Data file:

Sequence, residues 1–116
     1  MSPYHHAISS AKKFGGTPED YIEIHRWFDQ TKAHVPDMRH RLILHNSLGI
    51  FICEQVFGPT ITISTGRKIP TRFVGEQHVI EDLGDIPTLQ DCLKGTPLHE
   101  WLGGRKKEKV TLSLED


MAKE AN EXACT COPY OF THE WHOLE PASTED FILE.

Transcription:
Sequence, residues 1–116
     1  MSPYHHAISS AKKFGGTPED YIEIHRWFDQ TKAHVPDMRH RLILHNSLGI
    51  FICEQVFGPT ITISTGRKIP TRFVGEQHVI EDLGDIPTLQ DCLKGTPLHE
   101  WLGGRKKEKV TLSLED